by Tom Power, Kill, Co Waterford
Now empty and forlorn you watch the seasons come and go
But what care you for summer sun or a fall of winter snow;
The ivy now grows green around your ancient wall,
No music now or song from within your banquet hall,
No noise around you now but the lowing of the cattle.
But if I stand and listen I might hear the sound of battle.
Cromwell came and did lay siege – he attacked and attacked again,
But each attack was bravely met by your mistress and her men;
around your grounds and ramparts the sound of sword and gun.
After many days of battle they had Cromwell on the run.
But then disaster struck and all because of a drink,
no, not the alcoholic kind, but a keg of butter milk.
The chief gunner was dissatisfied, he expected a stronger brew,
So above your battered walls the surrender flag he flew,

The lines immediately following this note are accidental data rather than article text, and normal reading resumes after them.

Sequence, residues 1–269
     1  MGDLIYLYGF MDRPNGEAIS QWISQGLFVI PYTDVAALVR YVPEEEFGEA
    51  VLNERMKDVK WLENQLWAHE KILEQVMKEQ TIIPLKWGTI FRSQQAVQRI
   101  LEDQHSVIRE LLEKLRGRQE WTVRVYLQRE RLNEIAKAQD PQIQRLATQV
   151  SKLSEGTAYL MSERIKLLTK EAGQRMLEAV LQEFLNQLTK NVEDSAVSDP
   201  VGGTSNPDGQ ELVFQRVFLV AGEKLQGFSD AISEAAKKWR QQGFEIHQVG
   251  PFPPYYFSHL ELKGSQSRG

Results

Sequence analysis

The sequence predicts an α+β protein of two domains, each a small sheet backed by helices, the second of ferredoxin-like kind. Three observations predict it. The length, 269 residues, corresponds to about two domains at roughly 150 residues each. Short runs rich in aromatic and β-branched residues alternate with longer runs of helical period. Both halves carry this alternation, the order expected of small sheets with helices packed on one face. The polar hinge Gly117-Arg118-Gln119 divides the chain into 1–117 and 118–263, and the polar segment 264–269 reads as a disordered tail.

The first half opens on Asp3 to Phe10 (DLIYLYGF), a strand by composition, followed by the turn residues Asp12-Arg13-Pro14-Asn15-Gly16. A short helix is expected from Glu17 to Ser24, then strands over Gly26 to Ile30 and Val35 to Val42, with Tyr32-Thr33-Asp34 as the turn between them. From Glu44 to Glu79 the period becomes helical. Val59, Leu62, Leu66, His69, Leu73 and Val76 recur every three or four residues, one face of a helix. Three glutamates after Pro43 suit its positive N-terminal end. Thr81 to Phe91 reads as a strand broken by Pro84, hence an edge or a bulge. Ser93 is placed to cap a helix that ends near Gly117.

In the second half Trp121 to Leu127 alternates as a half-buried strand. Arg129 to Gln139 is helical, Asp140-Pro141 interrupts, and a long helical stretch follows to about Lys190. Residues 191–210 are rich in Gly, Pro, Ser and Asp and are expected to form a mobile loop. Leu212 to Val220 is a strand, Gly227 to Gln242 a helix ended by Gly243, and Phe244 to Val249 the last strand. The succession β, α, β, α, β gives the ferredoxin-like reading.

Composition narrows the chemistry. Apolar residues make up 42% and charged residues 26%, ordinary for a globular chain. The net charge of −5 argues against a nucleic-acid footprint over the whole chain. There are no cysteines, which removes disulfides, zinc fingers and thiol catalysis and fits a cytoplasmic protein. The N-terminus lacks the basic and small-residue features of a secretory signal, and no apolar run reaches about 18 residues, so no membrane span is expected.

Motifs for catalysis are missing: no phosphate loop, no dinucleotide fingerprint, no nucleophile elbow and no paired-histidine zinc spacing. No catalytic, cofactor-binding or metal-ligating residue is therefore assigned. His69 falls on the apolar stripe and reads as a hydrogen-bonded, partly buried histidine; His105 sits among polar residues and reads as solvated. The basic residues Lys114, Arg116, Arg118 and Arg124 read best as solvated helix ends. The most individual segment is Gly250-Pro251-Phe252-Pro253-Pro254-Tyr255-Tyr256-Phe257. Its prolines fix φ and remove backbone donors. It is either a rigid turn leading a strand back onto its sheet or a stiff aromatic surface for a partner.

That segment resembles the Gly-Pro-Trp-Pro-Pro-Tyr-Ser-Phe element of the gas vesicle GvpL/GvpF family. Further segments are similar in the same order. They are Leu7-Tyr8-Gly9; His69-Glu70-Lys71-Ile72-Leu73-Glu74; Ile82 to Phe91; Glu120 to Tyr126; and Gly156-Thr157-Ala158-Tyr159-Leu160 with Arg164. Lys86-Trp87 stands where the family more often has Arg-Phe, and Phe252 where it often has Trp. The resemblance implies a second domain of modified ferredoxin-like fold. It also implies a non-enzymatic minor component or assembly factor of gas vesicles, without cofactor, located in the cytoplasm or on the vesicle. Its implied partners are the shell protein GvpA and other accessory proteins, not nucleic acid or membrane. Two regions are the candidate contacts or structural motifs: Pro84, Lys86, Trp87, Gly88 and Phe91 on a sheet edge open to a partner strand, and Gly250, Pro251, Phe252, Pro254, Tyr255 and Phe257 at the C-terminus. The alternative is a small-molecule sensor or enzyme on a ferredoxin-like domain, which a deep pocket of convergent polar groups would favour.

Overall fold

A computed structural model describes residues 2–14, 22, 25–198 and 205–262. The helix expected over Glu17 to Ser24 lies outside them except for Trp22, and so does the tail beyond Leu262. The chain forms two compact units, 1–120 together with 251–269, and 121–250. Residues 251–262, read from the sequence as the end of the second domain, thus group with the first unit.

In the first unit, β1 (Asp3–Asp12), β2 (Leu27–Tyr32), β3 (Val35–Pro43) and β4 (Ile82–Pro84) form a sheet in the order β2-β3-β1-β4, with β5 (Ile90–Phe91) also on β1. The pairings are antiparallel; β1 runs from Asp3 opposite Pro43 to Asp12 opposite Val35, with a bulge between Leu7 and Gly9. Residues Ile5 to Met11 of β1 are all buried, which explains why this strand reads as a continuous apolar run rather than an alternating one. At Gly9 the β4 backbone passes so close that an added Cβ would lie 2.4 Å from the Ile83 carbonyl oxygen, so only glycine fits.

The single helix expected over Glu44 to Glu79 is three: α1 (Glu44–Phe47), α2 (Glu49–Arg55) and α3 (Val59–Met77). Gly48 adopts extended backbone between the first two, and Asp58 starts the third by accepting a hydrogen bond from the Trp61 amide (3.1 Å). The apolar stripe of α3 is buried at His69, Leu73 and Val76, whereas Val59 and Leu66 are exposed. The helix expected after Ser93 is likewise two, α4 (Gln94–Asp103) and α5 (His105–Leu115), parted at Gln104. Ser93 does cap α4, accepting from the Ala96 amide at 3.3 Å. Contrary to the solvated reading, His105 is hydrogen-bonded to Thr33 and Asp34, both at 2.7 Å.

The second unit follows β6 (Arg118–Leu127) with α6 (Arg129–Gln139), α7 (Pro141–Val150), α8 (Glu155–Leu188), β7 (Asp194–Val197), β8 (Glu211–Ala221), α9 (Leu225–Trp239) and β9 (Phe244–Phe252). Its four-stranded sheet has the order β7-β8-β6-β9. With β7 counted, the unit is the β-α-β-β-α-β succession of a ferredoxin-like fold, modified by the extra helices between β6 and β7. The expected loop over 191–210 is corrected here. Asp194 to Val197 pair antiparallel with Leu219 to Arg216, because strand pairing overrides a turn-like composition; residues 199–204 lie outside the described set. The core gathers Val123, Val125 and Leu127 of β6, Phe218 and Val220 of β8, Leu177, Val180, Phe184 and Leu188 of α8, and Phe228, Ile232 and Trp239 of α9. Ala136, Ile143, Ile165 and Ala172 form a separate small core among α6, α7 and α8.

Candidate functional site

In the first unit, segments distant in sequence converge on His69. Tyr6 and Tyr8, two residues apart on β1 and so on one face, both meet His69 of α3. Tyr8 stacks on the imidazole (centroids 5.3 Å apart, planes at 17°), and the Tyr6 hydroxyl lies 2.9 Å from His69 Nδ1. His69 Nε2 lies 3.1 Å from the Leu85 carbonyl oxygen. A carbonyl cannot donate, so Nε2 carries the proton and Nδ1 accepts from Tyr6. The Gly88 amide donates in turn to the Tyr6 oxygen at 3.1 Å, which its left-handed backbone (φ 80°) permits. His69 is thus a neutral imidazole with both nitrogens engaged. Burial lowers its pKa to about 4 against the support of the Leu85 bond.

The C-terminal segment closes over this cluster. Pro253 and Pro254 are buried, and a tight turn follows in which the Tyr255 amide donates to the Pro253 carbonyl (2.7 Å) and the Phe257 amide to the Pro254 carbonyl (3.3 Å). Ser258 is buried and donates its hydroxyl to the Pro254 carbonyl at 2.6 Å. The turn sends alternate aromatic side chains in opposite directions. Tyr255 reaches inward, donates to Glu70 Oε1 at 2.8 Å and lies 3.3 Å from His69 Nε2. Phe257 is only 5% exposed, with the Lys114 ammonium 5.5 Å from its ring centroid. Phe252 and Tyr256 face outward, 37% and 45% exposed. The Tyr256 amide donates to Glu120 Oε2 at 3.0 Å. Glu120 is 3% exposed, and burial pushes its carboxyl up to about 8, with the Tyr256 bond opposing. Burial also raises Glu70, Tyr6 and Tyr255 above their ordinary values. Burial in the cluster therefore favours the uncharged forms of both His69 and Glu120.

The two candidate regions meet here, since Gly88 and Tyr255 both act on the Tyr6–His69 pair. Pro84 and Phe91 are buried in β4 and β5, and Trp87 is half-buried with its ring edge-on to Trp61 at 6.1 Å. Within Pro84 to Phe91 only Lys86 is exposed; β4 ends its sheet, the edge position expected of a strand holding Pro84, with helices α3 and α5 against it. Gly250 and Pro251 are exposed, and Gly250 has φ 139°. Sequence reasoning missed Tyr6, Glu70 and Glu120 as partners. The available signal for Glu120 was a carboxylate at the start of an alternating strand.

Cromwell then gained entry; revenge was in his eyes,
He blew up the castle and your mistress bravely died;
From inside your broken walls smoke curled up to the sky,
No one loves a traitor so Cromwell hung the gunner high.
Now a ruin you gaze across that lonely Annestown bog,
where you watched them haul the turf in summers now long gone.
You tower above the winding road a reminder of the past,
below you now on that same road cars and tractors travel fast,
but you go back for centuries, perhaps you can recall,
when they were no road, but just a path through oak woods big and tall.
In this peaceful valley now the song birds sweetly sing,
The river Ann flows gently by the ruined castle of Dunhill;
And if you pass this way, going to Annestown or Tramore,
As you gaze up at castle you might see the Mistress De La Poer;
Is that her wandering there, where she fought and died so proud,
Or perhaps it’s just a trick of light, the shadow of a passing cloud.
* Tom Power published a book of poems in 2007, “Waterford In Pictures And Verse”, launched at the Arts Centre Dungarvan by Julian Walton. His novel, “The Mysterious John Grey” is available from email@example.com